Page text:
Seeing a certain carrot-topped charlatan bloviate and strut about the former Post estate in Palm Beach (a house that somehow manages to maintains its beauty in spite of the vulgarian within) boasting of how he is going to “make America great again”, I am reminded of the many other pompous Palm Beach parvenues I had the misfortune to work for in my over twenty year career as a decorative painter. It is incredibly unprofessional to bad mouth former clients and decorators, but frankly leaving behind that often shallow and tight-fisted business, particularly in Florida, was the best decision I have made.
One wretched client I recall vividly, he specifically admired and wished to emulate Mr. Trump and unsurprisingly the motif he chose to decorate the dining room of his newly poured 30,000 square foot McMansion was the peacock. In my many years as a decorative painter I have found the peacock to be the most requested theme. Don’t get me wrong, I love the peacock as a decorative motif but to be snobbish about it, I like to think my fondness has roots in the Art Nouveau not the aspirations of the nouveau riche. This client, unlike what I have read of Mr.Trump, was particularly miserly. He would willingly boast of the $100,000.00 chandelier he had just purchased and his self aggrandizing decorator would boast of the spontaneous trips they had just taken on his private jet to pick up some god-awful ersatz baroque settee; but when it came to hiring the local, not-so-famous, struggling artist willing to paint the still damp walls of his faux palazzo, well then , that fellow could haggle.
Such is the life of a struggling artist, be it decorative or studio, so much depends on the market, your own financial situation and how willing you are to debase yourself to stay afloat. Sometimes you just don’t have many options. David and I had a cute little house in Ft.Lauderdale, his practice was still developing and we had a mortgage to pay. So the two grand that the client assured me was ALL he could afford was settled upon. In the end, as in all experiences, there were lessons learned: how to manipulate cheap house paint quickly (of course there was a deadline that just HAD to met); dealing with ineffective decorators who still demanded their cut no matter how paltry the commission; and of course, slowly, excruciatingly slowly, recognizing my own worth.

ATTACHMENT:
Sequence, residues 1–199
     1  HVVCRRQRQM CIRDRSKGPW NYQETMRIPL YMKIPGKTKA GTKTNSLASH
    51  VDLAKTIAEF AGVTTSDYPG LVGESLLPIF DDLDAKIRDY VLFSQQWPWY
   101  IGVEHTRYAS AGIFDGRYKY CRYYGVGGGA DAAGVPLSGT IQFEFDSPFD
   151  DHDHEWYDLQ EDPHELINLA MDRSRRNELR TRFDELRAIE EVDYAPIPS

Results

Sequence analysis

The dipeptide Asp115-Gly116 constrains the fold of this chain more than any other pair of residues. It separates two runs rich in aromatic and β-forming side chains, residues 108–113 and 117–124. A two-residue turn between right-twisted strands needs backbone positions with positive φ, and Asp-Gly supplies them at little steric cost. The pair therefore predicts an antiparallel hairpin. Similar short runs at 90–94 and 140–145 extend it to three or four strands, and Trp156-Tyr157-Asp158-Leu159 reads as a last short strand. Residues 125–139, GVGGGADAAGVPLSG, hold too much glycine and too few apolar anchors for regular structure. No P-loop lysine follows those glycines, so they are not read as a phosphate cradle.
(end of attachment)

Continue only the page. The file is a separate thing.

This wall painting has its flaws, as in my studio work I do not possess an academically trained polish to my work, and in my decorative work, my tromp l’oeil was less than convincing. But they are attractive and I believe distinctive. And this painting, finished in the three week deadline, isn’t that bad.
I’m going through file after file of old commissions, some going back to the 80’s, I’m also cobbling together a website for them, an archive free of dust, but full of memories . Some memories make me cringe , but some , like this one still pleases me in spite of the bitter aftertaste .
It has to be noted that the presumptuous genius Whistler openly mocked his client Frederick Richards Leyland for not appreciating the completely unrequested “improvements” to his now famous ( and rightly well regarded Peacock Room) by depicting him in a harsh caricature of a demonic peacock. I still question if Whistler had the right to squawk after he had painted over newly installed (expensive)16th leather wall coverings (which sound like they must have been fantastic), but nonetheless , this painting is great fun and the room a wonder of the world to this day.
James Mc Neill Whistler
The Gold Scab:Eruption in Filthy Lucre
I lack Whistler’s hubris and genius, but if my peacock is still there (so much of what I have painted has been destroyed in subsequent redecorations) I hope he is giving the clients dirty looks as they feast!
With that little bitter gem, be well, and now back to the studio.